Another development is the vacant seats in the undergraduate engineering institutions approved by the All India Council for Technical Education (AICTE). During the 2021-22 academic year, 421,203 of the potential 1,253,337 places were unfilled. This is not a surprise because an AICTE committee in 2018 had observed that the capacity utilisation (places offered versus enrolment) during 2017-18 at undergraduate and postgraduate level was as low as 49.8%.

Later, AICTE announced a moratorium on opening new institutions in traditional engineering and technology for two years. As a result, AICTE had decided not to accept applications for establishing new engineering institutions until 2023-24 – except in high demand areas that have employability in the labour market.

It was also recommended that existing postgraduate programmes be restructured and made research- and industry-centric. AICTE recently lifted its moratorium. This situation reflects the reality that much of engineering education is of poor quality and takes place in inadequately funded private colleges.

Why are institutions facing an enrolment crisis?

There are a number of hypotheses for these surprising changes – and these may have implications beyond India. Is it because of the growth of online programmes and other alternative forms of post-secondary education? Or is it because of the transformation of the economy that has been constantly creating a demand for new skills? Or because large numbers of students choose to study abroad? Or because of the poor quality of many private colleges?

Demographics are not working against institutions – India’s population is growing, although the rate of expansion is slowing. Although the GER (gross enrolment ratio) in an educationally advanced state like Kerala is only 38%, many colleges nonetheless face challenges in attracting students. It appears that a large number of students are rethinking the value of traditional colleges and programmes.

Students are expecting institutions to provide them with better job opportunities.

They are more pragmatic while making decisions because they have little faith in the value of traditional ‘arts and science’ programmes when many universities are in the process of starting four-year undergraduate programmes with multiple exit options.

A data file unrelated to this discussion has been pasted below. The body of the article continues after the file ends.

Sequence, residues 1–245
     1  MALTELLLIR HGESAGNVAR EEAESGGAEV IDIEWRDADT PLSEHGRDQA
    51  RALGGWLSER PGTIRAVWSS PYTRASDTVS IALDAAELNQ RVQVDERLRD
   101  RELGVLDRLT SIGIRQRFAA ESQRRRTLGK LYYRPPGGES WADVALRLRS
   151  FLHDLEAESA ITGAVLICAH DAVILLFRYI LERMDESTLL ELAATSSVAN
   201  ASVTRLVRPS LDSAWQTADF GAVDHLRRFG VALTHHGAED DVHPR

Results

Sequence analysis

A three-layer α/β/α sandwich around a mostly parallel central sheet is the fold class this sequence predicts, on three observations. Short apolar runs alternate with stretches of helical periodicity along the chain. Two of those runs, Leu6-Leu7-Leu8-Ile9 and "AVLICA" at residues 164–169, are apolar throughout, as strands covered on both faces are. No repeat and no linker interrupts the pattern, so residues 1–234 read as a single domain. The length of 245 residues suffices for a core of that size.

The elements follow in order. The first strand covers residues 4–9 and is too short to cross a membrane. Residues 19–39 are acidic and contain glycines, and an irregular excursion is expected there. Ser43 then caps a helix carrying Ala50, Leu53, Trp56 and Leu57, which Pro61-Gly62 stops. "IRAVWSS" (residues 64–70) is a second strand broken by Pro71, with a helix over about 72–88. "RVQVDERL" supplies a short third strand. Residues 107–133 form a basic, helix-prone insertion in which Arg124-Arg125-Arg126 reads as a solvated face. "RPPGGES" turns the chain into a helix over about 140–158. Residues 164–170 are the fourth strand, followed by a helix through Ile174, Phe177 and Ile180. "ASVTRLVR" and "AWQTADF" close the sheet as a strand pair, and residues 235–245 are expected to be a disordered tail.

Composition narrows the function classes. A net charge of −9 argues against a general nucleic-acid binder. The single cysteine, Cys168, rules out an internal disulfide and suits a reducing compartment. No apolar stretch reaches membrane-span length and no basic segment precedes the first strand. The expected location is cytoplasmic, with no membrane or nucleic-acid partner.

The impact of the crisis has already begun. Starved of tuition revenue, hundreds of private institutions have been closed in recent years. During 2021-22 alone, around 40 institutions, mainly offering engineering and other professional courses approved by AICTE, were ‘progressively closed’ across India and they are not allowed to admit students.

During the same academic year, 1,041 undergraduate, postgraduate and diploma courses approved by AICTE were ‘progressively closed’. These courses were offered by colleges and universities and are mainly in engineering, computer science, information technology, management, pharmacy, etc. In Andhra Pradesh, 354 programmes were withdrawn from the affiliated colleges of the universities in the state.

Although the survival of existing faculty in public institutions will be heavily influenced by declining student numbers, the government and government-aided private institutions may be able to survive these challenges for the time being with public funding. However, that is not the case with private self-funded institutions because most of them are fully dependent on tuition revenue.

The consequences of these changes will reshape the higher education landscape in India, and this underlines the increased urgency to restructure the sector. Governments – both at the centre and in the states – jointly need to find out where and why these declines occurred so that corrective measures can be made to avoid closure of institutions.

It is also important to understand the changing patterns in enrolments vis-à-vis urban, rural, socio-economic background of students, type of institutions, programmes, etc. They should not wait until new enrolment issues occur and then decide how they will deal with each situation.

Philip G Altbach is professor emeritus and founding director at the Center for International Higher Education at Boston College, United States. Eldho Mathews is deputy advisor in the Unit for International Cooperation of the National Institute of Educational Planning and Administration, New Delhi, India.